An archaeology professor discovers an ancient crypt which contains living dead corpses. The zombies go on a rampage and attack a group of people which the professor had invited to celebrate his discovery.
In the small New England town of Dunwich, a priest commits suicide by hanging himself in the church cemetery which somehow opens the gates of hell allowing the dead to rise. Peter, a New York City reporter, teams up with a young psychic, named Mary, to travel to the town where they team up with another couple, psychiatrist Jerry and patient Sandra, to find a way to close the gates before All Saints Day or the dead all over the world will rise up and kill the living.Written by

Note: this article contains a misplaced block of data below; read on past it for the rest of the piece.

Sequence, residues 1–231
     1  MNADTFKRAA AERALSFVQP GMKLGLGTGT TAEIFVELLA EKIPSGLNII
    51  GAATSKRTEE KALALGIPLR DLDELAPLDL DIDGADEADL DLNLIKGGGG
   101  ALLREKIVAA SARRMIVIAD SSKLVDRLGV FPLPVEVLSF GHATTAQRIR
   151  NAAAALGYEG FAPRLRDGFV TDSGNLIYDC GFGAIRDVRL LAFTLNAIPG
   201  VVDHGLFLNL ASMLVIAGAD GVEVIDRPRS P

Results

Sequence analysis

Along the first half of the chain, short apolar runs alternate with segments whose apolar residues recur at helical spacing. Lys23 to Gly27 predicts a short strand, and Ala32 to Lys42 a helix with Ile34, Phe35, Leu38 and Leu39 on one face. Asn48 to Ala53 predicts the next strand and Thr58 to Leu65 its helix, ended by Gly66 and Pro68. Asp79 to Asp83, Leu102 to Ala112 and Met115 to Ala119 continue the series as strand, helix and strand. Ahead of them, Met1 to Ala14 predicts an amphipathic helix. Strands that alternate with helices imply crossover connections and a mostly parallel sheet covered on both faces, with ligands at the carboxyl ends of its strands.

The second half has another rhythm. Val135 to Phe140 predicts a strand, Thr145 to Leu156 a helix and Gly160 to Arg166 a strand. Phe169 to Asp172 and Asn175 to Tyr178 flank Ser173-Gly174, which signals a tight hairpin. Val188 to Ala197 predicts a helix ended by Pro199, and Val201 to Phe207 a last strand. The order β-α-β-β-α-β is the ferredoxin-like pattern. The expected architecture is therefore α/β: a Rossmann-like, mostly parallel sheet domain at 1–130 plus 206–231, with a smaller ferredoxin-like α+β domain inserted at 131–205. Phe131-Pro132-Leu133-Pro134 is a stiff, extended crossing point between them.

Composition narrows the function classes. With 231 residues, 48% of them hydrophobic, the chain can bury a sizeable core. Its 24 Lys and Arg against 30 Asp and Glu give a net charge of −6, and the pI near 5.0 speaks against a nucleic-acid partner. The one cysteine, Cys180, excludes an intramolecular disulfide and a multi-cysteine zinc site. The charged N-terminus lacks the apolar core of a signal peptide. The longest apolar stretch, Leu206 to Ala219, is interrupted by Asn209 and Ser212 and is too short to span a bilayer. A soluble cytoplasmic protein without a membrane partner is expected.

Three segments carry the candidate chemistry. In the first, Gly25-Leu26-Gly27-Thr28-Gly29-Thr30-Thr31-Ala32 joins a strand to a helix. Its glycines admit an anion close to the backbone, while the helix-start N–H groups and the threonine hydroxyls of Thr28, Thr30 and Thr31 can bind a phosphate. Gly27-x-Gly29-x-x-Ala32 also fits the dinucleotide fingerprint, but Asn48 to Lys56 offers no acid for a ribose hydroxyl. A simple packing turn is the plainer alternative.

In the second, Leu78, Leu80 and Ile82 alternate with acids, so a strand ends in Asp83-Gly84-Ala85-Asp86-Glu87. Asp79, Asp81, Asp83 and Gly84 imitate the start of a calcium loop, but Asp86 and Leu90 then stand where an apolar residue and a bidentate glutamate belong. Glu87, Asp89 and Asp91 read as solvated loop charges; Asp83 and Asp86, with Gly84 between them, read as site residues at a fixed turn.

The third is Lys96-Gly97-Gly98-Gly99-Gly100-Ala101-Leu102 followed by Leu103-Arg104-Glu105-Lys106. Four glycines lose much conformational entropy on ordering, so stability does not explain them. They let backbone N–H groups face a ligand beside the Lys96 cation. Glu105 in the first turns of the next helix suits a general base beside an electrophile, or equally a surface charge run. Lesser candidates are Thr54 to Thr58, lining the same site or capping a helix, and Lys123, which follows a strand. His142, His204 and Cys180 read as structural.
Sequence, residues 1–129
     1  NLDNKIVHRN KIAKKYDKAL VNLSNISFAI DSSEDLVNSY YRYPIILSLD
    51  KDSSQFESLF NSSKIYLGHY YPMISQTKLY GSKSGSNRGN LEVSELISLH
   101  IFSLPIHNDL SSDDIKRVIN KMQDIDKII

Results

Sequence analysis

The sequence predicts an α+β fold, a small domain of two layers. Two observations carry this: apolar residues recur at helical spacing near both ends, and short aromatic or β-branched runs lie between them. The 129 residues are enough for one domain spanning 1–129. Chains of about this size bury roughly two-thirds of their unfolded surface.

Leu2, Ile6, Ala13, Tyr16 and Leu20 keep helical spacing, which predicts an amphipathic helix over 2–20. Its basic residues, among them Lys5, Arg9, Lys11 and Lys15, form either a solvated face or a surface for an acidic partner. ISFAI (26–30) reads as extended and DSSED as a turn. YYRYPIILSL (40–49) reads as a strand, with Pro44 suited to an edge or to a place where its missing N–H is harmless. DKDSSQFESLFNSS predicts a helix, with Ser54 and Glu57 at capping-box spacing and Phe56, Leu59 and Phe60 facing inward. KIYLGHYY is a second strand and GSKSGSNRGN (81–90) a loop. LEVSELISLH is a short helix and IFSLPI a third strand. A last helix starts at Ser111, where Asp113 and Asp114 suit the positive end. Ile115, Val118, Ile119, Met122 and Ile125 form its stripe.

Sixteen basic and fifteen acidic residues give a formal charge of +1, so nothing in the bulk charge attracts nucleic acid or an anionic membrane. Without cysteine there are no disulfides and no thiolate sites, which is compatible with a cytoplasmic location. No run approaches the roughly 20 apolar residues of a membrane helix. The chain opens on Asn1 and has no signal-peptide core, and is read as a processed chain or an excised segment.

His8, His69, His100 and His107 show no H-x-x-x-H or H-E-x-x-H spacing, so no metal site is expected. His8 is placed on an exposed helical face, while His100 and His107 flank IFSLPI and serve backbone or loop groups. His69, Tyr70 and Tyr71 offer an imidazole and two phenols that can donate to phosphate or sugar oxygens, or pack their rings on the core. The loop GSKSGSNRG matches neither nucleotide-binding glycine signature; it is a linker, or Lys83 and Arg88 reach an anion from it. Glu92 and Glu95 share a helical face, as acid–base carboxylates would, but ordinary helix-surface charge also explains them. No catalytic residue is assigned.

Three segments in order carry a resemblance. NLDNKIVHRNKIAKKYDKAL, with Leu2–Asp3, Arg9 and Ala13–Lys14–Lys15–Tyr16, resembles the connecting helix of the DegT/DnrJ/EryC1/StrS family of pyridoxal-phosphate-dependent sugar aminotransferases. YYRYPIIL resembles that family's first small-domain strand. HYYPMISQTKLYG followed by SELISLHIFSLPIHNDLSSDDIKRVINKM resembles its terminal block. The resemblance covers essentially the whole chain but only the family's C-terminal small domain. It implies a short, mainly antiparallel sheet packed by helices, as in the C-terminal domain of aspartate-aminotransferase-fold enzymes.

The British Cinema version was cut by around 1 minute to remove the drill sequence. This version was released on video in the UK before 1984, after which all videos were required to be submitted to the British Board of Film Classification. When it was finally given a video certificate by the BBFC, further cuts were made to remove the intestinal vomit scene, and the brain squashing scenes. The UK video has a total of 2m 21s of cuts. See more »
This is a much cleverer film than its reputation , and the chortling audience, might suggest. Fulci's use of space is always impressive, the way he opens out a flat composition at the approach of menace. Alternately, the claustrophobic scenes in the catacombs (which really smell like death!), and the premature burial is horribly vivid. The Gothic decay of the content is contained by Fulci's form, his neo-classical use of symmetry, mirrorings, patterns, echoes, fooling his audience into a false sense of reassurance. Shame about his storytelling abilities.
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